What song from the new album are you most looking forward to playing on your upcoming tour?
We’ve played “All Lips Go Blue,” “Tears on Tape,” “Into the Night,” and “Hearts at War” so far. Those have been working really well already. We’re currently trying to plan what should go on the setlists in the autumn and again, I don’t want the sets to be all about new songs. We’re trying to figure out what old stuff people might like that we haven’t played in a while–like we’re probably gonna do a track from Venus Doom called “Passion’s Killing Floor” which we haven’t played since 2006 but people seem to enjoy it. It’s tough to create the drama of the set in a way that feels logical yet refreshing and interesting so its not really about one single song but how the songs work together. So like you play a new song like “Hearts at War” and then follow it with “Wicked Games”–a song we’ve been playing since 96–it all of a sudden changes it’s meaning and it feels different because now we’re looking at the song from a different angle.
So when you begin to develop a set list do you go back and listen to all your previous albums?
Well most simply, there are a few songs we can not not play. Like “Wicked Games,” in Europe “Join Me in Death” and “Wings of a Butterfly” would be stupid to skip and there are a few others. So inevitable there are ten songs we don’t want to skip because they are important to who we are and for the sound of the band and where we come from. We used to try to do shows where we played a bunch of obscure b-sides which is fun idea but suddenly you’re in front of 2000 people and only two know what the music is all about so it doesn’t really make sense. Again, its a balancing act between being an entertainer and an artist.
How about when it comes to songwriting? You said Tears on Tape is similar to Love Metal, would you go back and listen to that album when writing new songs?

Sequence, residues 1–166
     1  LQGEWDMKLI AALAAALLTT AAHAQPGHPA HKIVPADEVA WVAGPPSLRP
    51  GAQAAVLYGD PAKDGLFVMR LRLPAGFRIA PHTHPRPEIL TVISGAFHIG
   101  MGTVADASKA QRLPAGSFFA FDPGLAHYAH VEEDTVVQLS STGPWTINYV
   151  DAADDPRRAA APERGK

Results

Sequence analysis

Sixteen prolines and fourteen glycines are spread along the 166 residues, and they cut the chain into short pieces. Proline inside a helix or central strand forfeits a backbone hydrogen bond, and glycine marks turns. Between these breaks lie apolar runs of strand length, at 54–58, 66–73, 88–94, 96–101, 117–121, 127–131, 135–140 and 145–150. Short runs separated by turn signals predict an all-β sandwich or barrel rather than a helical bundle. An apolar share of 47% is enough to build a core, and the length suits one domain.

We don’t generally when writing the songs but we do when it comes to production. Its funny how I don’t even remember half the stuff we’ve done so I don’t just listen to everything. I pick out one or two songs to get the overall feel of an album, of what made it special sound-wise and tempo-wise and guitar distortion-wise and pick the best ideas and try to push them further. At least so far we’ve never all of a sudden wanted to do a reggae album, so I think the band has a strong identity and we’re proud of it. There’s no reason to change the core or the essence of who we are as a band.
I know you previously mentioned Black Sabbath and Type-O-Negative, do you go back and listen to your influences when writing or recording a new album?
Occasionally, yeah sure. We tend to listen to that stuff on the tour bus because its the only thing we can agree on. Also, Sabbath was part of our youth so its not about one particular guitar tone or a part of a song, its more about the vibe. So we’re generally talking about the Monster Magnet vibe or the Turbo Negro vibe or the My Bloody Valentine vibe not necessarily one song or one lyric that would be a reference point.
I know I have read some interview with you where you said you have not listened to the new Black Sabbath album yet…
I still haven’t. I’ve only heard a couple of songs off it because my friend had the vinyl edition. At the moment my home studio is a shambles so I don’t have anything hooked up. For me, it would feel weird to listen to them on MP3 or any of those formats. I’d rather listen to it on vinyl. So I guess I need to wait until I get my shit sorted then I can enjoy it. But it’s sounding good so far.
Do you feel that way about a lot of bands or is it just because you grew up with Sabbath on vinyl?
I’m not a huge vinyl freak but the good thing about the format is that people are so ADD these days–me included–its so easy to listen to the first 40 seconds and then skip to the next track. People are in such a rush to listen to 100 songs in an hour that the good thing about vinyl is you have to do the physical act of putting it on and then you don’t skip songs as easy. So that’s what I like about it. It has a calming effect.
So after this autumn tour, what is next for HIM?
We’ll be done with this part of touring around halloween and then we’ll see what’s happening with Tears on Tape, the album. If there is a need to tour more–people want to see more of HIM–then that usually means we’ve got to keep on touring. If its all quiet on the touring front, then I think we’ll work on writing new music as soon as possible.